Will I get an online confirmation of my transactions?
As soon as you confirm your order you can view the details of your transaction in the order book. Also, an email will be sent to your email address.
Why should I work with an investment professional?
An investment professional will:
- Take the time to understand your goals
- Recommend investments that fit your needs
- Analyse how changing economic and personal situations affect you
- Deliver timely financial information
What are the risks of investing?
Investing is a commitment of resources now toward a future financial goal. There are many levels of risk, with certain asset classes and investment products inherently much riskier than others. However, essentially all investing comes with at least some degree of risk – it is always possible that the value of your investment will not increase over time. For this reason, a key consideration for investors is how to manage their risk in order to achieve their financial goals, whether they are short- or long-term.
What is CKYC?
CKYC refers to central KYC (know your customer), a new initiative by the Government of India. The aim of this initiative is to have a structure in place which allows investors to do their KYC only once before interacting with various entities across the financial sector. CKYC will be managed by CERSAI (Central Registry of Securitisation Asset Reconstruction and Security Interest of India), authorised by the Government of India to function as the central KYC registry (CKYCR). The objective of CKYCR is to reduce the burden of producing KYC documents and getting those verified every time when the investor enters into a new relationship with a financial entity. Thus, CKYCR will act as a centralised repository of KYC records of investors in the financial sector with uniform KYC norms and inter-usability of the KYC records across the sector.
What is FATCA?
FATCA stands for the Foreign Account Tax Compliance Act. It requires foreign financial institutions (FFIs) to provide the internal revenue service (IRS) with information on certain investments of us persons invested in accounts outside of the US and for certain non-US entities to provide information about any US owners.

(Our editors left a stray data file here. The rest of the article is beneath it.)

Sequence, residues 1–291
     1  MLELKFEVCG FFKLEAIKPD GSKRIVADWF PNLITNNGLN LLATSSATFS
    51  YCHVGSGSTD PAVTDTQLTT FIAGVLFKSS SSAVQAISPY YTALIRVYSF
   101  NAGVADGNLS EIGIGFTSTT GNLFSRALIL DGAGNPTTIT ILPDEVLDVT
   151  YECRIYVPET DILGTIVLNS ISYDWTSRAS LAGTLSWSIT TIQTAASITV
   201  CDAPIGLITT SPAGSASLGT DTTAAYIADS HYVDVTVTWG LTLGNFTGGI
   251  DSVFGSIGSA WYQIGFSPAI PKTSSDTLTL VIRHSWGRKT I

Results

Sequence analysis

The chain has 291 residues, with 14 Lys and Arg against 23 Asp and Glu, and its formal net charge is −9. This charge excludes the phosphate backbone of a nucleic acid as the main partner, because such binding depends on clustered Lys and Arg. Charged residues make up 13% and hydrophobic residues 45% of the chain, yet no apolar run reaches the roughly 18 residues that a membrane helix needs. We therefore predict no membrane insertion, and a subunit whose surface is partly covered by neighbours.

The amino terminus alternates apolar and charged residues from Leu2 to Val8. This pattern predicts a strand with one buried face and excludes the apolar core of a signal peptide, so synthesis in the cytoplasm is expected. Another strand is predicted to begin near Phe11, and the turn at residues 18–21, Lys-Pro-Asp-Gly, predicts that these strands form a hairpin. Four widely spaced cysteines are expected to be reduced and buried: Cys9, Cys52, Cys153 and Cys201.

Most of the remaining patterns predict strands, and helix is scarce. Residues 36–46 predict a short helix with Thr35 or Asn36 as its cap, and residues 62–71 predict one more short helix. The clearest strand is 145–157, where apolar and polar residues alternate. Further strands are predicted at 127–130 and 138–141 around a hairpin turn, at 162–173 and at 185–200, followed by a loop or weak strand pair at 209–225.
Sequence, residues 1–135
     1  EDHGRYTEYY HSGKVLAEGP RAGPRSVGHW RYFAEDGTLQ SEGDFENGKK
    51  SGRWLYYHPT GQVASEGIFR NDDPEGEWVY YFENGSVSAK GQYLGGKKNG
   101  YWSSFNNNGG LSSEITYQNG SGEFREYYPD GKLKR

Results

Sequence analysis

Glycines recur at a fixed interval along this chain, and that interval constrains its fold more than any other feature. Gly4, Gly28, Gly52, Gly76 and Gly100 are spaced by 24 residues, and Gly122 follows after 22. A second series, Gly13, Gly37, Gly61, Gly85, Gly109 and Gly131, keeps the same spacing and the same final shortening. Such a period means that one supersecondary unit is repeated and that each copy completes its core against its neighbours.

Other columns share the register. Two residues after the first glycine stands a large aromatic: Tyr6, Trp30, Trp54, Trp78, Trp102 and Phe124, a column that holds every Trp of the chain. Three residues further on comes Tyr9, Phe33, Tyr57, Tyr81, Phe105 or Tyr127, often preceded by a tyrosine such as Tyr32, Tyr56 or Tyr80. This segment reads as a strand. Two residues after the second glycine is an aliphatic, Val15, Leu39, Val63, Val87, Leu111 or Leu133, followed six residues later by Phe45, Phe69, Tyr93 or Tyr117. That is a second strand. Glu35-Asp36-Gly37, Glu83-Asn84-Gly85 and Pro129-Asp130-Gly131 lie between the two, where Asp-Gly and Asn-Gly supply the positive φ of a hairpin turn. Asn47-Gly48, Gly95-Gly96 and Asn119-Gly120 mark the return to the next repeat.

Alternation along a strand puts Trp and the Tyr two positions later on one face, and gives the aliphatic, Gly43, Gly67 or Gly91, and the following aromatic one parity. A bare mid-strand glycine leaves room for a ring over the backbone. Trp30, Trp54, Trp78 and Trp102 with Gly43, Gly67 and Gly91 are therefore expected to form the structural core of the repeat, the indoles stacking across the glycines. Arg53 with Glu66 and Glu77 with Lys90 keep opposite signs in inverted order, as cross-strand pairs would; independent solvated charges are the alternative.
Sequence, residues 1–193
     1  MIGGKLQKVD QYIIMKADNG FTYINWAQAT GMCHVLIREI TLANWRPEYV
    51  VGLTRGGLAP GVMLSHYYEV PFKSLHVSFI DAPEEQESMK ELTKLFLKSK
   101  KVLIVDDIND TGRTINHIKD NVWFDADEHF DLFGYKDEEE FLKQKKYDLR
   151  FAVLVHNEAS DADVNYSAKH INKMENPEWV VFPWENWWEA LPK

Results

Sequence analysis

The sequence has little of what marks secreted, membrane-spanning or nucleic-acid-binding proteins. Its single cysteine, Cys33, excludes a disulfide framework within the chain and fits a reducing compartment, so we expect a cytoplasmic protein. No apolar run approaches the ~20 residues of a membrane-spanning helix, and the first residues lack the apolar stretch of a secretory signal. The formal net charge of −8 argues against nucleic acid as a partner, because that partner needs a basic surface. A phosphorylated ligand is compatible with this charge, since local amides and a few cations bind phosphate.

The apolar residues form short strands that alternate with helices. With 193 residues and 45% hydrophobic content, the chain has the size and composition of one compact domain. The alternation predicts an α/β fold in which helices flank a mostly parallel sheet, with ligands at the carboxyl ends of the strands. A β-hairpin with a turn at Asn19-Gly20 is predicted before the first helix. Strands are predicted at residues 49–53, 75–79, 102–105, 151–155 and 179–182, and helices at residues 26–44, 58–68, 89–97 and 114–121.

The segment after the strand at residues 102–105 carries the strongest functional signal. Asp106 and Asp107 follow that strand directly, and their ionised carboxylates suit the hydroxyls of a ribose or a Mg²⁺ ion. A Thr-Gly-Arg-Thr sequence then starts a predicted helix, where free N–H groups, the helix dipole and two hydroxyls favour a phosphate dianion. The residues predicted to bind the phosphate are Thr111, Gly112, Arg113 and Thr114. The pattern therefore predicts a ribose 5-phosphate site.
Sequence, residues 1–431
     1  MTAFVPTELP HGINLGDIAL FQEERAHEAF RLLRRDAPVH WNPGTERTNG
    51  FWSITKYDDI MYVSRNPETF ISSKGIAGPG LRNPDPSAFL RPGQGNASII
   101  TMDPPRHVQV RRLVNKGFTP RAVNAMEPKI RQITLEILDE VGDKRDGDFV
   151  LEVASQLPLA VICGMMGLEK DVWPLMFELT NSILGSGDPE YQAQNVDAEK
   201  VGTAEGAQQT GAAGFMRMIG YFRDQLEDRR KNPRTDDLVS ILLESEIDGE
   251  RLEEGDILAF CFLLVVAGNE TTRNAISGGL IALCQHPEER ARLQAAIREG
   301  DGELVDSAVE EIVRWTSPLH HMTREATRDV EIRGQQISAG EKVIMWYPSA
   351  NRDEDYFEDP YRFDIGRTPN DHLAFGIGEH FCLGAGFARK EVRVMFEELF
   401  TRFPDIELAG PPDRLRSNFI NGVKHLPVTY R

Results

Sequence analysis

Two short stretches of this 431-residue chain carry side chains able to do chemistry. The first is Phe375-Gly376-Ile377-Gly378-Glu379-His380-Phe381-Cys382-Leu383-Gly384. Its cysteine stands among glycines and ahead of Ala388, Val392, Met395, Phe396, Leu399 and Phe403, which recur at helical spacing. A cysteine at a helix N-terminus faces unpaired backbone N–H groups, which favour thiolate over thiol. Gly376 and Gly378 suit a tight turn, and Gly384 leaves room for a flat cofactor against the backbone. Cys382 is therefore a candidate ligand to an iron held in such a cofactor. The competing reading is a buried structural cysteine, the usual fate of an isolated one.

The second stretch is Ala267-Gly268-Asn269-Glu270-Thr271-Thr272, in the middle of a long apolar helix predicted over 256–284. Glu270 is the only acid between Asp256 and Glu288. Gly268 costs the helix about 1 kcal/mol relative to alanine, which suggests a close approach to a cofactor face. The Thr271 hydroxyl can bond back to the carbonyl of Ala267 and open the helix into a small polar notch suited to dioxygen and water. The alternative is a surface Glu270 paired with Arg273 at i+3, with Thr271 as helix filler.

What is the purpose of FATCA and CRS?
The purpose of FATCA and CRS is to aid the automatic exchange of information between bilateral treaty partner countries about account-holders/investors maintaining accounts in foreign jurisdictions and also to prevent citizens or residents of countries/territories outside India, whether individuals or specified entities, from using banks and other financial institutions to avoid taxation on the income generated from all offshore accounts. FATCA and CRS both, obligate such financial institutions to report information about persons from these countries/territories having accounts with them.
How does the law of another country become applicable to me?
In the case of FACTCA and CRS, as mentioned previously, the Government of India has signed IGA and MCAA respectively for their implementation. Under the pact, India would be obligated to get its financial institutions to share the financial account information of account holders who are tax residents in any of the signatory countries. Likewise, India would also get similar information through the financial institutions of such treaty countries.
Has any Indian authority defined rules for the implementation of FATCA and CRS?
Yes, CBDT has already notified rules and guidance notes for the implementation of FATCA and CRS. The rules framed are called the Income Tax (11th Amendment) Rules, 2015.
Who is a new investor?
In the case of FATCA, investors who have opened folio(s) on or after 1 July 2014 are termed as ‘new investors.
In the case of CRS, investors who open folio(s) on or after 1 January 2016 will be termed as ‘new investors.
If I am a new investor then why am I been contacted and what is required from my end?
Under FATCA all new investors with folios opened between 1 July 2014 and 31 October 2015 (individuals as well as entities) irrespective of indicium would be contacted and required to submit a self-certification and additional documentary evidence, if any, to establish the FATCA status. From 1 November 2015, it would be mandatory for all the new investors who wish to open a new folio(s) should provide HDF Mutual Fund with a self-certification and relevant documents if any.
If I am an Indian citizen would I be covered under FATCA and CRS?
Existing investors with indicia other than India and all new investors would be required to submit a self-certification and any additional document, thereof, as mandated under FATCA and CRS.
What is the information that is being sought from investors?
Investors will be expected to provide details such as country of tax residence, tax identification number from such country, country of birth, country of citizenship, etc. A separate form is made available, in which existing, as well as new investors, can submit such information along with any other document, thereof. In the case of entity investors, the above-mentioned information of the entity as well as of the controlling persons will have to be submitted. (Refer SEBI circular no. Cir/MIRSD/2/2013 dated 24 January 2013 for guidelines on identification of beneficial ownership). Apart from the above, HDFC Mutual Fund would be required to report any additional information sought by the local authorities from time to time.